All the Slow Horses

‘Slough House’, the seventh book in Mick Herron’s series about disgraced exiles from British intelligence

Spies are terrible people, despite what the mythology and the billion-dollar screen franchises about them might say. And no other author working today understands this like Mick Herron does, as he proves again in Slough House, the seventh book in his series about a group of disgraced exiles from the British intelligence services.

Herron, like the much-missed John le Carré, to whom critics often compare him, tells the stories of spies mired in the day-to-day reality of their profession. They lie and cheat and steal for a living. They are not James Bond. These are not people you would trust with your car keys, let alone national secrets, and yet they’re the ones who actually show up for work.

Slough House

Slough House is the name of the decaying building where the intelligence establishment sends these washouts, addicts, and security risks for their failures. Called the Slow Horses, sitting in broken chairs and staring at ancient CRT monitors, their bosses expect them to do pointless tasks for the rest of their careers or until they die. It hardly matters which comes first.

Before you read the latest installment in their troubles, however, you should pick up the rest of the books. Herron doesn’t dwell on the past and you can grasp any dangling plotlines quickly enough, but regardless, reading all seven isn’t any kind of a chore. Herron, an exceptional writer, paces his books brilliantly. He’s capable of prose that’s stark in places and beautiful in others. His action scenes hum without any wasted moments, and his dialogue is funny, or profane, or chilling, as each voice demands. Herron has the full toolkit, and he builds these stories so tight you can barely find the seams where the pieces meet.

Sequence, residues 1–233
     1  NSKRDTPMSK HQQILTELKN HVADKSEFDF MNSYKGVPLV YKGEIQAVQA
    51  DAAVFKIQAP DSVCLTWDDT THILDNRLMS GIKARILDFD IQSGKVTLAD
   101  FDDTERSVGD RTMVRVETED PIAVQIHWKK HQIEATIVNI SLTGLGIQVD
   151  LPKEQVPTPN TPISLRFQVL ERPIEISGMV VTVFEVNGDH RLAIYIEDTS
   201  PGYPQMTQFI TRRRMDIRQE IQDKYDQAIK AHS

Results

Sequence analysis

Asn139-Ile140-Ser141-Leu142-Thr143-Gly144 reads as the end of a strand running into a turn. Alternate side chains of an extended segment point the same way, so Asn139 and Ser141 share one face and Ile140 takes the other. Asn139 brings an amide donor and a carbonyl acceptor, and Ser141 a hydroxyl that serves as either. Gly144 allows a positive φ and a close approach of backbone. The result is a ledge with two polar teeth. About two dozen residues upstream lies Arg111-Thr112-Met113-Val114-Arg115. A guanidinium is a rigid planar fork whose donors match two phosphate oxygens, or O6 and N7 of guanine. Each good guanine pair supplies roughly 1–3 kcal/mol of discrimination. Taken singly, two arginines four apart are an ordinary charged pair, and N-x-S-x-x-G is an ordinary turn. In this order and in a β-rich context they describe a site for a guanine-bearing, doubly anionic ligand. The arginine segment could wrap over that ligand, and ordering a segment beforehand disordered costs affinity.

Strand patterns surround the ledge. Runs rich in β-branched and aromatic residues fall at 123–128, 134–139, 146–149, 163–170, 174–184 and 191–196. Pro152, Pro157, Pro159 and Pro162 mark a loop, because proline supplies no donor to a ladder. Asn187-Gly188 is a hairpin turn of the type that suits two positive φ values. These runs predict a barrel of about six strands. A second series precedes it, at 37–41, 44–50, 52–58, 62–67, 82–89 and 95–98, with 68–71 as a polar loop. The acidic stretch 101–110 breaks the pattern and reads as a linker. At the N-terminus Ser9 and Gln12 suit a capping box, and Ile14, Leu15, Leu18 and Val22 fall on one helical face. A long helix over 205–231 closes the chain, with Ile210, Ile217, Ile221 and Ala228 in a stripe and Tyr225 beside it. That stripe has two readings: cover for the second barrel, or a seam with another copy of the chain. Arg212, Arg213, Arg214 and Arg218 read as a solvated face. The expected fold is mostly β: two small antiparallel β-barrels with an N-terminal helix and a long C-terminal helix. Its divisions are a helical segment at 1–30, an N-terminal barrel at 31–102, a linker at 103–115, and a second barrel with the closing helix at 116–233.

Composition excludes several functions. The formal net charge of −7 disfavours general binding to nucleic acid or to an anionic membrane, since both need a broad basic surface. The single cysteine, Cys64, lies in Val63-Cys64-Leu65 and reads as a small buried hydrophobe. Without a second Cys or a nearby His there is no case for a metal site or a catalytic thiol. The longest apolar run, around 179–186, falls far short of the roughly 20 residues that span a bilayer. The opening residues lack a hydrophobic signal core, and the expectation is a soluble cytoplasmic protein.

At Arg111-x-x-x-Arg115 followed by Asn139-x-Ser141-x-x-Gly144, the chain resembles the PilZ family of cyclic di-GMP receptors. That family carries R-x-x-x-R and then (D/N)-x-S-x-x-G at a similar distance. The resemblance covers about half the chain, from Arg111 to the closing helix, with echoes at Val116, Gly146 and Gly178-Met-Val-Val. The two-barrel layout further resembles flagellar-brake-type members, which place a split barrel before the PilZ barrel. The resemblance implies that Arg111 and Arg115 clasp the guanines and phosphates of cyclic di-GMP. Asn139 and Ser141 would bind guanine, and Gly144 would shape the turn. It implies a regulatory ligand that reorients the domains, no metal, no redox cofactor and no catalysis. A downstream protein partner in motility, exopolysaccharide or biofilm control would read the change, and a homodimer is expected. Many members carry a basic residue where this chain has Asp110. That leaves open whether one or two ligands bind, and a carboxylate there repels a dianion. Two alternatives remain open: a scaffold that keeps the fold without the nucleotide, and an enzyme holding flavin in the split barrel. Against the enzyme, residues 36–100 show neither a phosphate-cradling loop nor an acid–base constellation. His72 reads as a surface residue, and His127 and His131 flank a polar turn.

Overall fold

His action scenes hum without any wasted moments, and his dialogue is funny, or profane, or chilling, as each voice demands. Herron has the full toolkit, and he builds these stories so tight you can barely find the seams where the pieces meet.

The cast shifts over the course of the novels, but the introductory character is River Cartwright, a young man literally bred to become a spy. His grandfather, affectionately known as the OB (for Old Bastard), is a former high-ranking official in the service who raised River and steered him onto the fast track.

Then a jealous colleague sets up River, and turns a training exercise into a very public clusterfuck.

The service demotes him to Slough House, where he joins a group of losers that includes Louisa Guy (lost a subject, resulting in guns going to bad people all over London), Min Harper (left a top-secret disk on a train), Roddy Ho (computer geek, world-class dickhead), and Catherine Standish (alcoholic), along with other assorted walking disasters.